Reviewed by Helen and Garry McWilliams
The glitz and glamour of ‘Dollywood’ arrived in Wolverhampton this week in the form of touring musical ‘9 to 5’ based on the film starring Dolly Parton and with music and lyrics written by the lady herself. Our second visit to see this fun, fast and furious show, yet it did not fail to have us exiting the theatre with a huge smile on our faces and a real hankering for a pink glittery Stetson (maybe just for Helen…).
‘9 to 5’ tells the story of three working girls from very different backgrounds, they need a job but they don’t need the hassles that come from their chauvinistic, sexist boss Franklyn J Hart. However, a hazy ‘day-dream’ during an alcohol and smoke-fuelled girls night in comes to fruition, and with outlandish consequences. There are some toe tapping numbers, including the title song ‘9 to 5’, ‘Shine Like the Sun’ and ‘Change It’. There’s also a surprise visit from Dolly herself, making it a show that we truly believe has something for everyone.
The three leading ladies are all exceptional, each one stands out on in their own right for playing believable characters who couldn’t differ more from the other. Jackie Clune is Violet, the head-strong widow who is desperate for promotion and who’s dream is to become the first female CEO. Clune has a beautifully rich vocal tone, ably singing all of the numbers to a high standard. ‘Let Love Grow’ (duet with suitor Joe in act two) was a memorable moment. Natalie Casey has put her trademark ‘quirkiness’ on the role of Judy and displayed her usual precise comic timing together with a marvellous vocal range. Casey is an actress of immense talent and her career successes to date reflect her versatility. It must be a difficult task to take on the role of Doralee which is cherished by Dolly’s fans (it’s the role that Dolly played in the film) but we couldn’t fault Amy Lennox, she epitomised Parton while simultaneously making the character her own. ‘Backwoods Barbie’ was her solo number and Lennox’s singing voice lent itself to the country and western genre, superbly. This girl is one to watch out for, and we both felt that we could picture her in many other leading roles, we hope our prophecy comes true!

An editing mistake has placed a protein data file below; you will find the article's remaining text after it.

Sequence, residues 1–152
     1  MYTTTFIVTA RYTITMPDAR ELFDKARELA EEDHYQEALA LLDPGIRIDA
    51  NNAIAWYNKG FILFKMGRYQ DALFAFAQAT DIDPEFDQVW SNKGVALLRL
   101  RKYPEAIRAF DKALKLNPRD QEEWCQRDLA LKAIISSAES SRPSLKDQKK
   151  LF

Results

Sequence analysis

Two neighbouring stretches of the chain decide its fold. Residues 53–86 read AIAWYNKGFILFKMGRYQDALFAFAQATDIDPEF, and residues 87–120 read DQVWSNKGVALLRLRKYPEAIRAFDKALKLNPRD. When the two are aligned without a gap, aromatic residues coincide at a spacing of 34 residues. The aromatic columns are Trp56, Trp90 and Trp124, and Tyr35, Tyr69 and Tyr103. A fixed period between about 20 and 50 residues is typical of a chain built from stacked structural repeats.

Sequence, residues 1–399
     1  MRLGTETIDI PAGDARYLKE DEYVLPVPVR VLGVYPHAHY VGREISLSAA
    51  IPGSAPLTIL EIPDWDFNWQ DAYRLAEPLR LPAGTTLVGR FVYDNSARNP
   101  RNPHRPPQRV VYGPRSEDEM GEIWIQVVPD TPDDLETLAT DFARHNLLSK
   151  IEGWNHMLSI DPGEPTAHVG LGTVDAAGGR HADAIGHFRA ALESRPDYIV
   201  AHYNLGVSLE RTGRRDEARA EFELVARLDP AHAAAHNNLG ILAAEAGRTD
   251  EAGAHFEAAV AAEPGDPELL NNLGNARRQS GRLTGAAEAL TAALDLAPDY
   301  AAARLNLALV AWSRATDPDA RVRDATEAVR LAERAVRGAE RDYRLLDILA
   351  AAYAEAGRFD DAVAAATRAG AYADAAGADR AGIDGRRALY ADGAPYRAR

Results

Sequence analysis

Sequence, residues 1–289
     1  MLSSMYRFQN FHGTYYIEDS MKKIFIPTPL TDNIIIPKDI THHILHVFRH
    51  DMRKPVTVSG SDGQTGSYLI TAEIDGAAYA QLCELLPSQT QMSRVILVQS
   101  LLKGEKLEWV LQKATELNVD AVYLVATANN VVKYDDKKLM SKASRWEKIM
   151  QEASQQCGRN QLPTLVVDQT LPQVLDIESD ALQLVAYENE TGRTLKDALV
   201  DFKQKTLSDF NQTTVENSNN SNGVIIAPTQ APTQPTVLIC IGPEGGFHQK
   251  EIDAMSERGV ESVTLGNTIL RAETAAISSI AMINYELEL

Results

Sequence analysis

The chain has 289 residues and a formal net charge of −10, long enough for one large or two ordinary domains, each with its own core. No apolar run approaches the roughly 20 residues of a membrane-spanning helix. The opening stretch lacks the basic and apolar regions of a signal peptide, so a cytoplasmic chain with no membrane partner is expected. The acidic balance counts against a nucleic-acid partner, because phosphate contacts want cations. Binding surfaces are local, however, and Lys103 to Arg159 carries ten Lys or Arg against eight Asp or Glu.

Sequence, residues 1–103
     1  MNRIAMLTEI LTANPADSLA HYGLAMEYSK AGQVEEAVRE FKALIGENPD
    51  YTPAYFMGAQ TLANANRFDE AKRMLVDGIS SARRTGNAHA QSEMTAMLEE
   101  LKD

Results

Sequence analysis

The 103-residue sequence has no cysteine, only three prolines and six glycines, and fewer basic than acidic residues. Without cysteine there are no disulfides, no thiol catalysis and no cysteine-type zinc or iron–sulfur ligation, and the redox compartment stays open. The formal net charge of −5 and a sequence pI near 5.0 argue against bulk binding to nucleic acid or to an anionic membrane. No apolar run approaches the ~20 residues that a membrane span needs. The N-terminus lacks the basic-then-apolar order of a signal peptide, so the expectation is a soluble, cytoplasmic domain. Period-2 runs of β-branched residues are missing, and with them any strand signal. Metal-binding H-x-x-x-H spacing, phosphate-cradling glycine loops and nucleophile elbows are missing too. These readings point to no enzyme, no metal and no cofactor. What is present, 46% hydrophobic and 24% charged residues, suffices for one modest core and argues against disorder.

Ben Richards is an outstanding ‘Mr Nasty’ aka the boss, Franklyn J Hart, the character is despised by most but adored by Roz Keith, office memo enthusiast and ‘odd-ball’ who’s desire is that Hart feels the same way as she does about him. Bonnie Langford played the role of Roz when we watched this for the first time, so these were big shoes to fill – but Anita Louise Combe should be commended for a hilarious performance.
The cast for this production is fairly minimal in comparison to other shows that we have seen, but there’s a real sense that this is a team effort and opportunities for each performer to provide a glimpse of what they’re capable of. A thoroughly talented ensemble, indeed and praise must go to Lori Hayley Fox as Margaret, a cameo role that has stayed with us since the first time around and that we eagerly anticipated watching again – “atta girl!”.
The show stays at Wolverhampton Grand Theatre until Saturday 18th May and you can book tickets via their website http://www.grandtheatre.info. Tour dates can be accessed at http://www.9to5themusical.co.uk.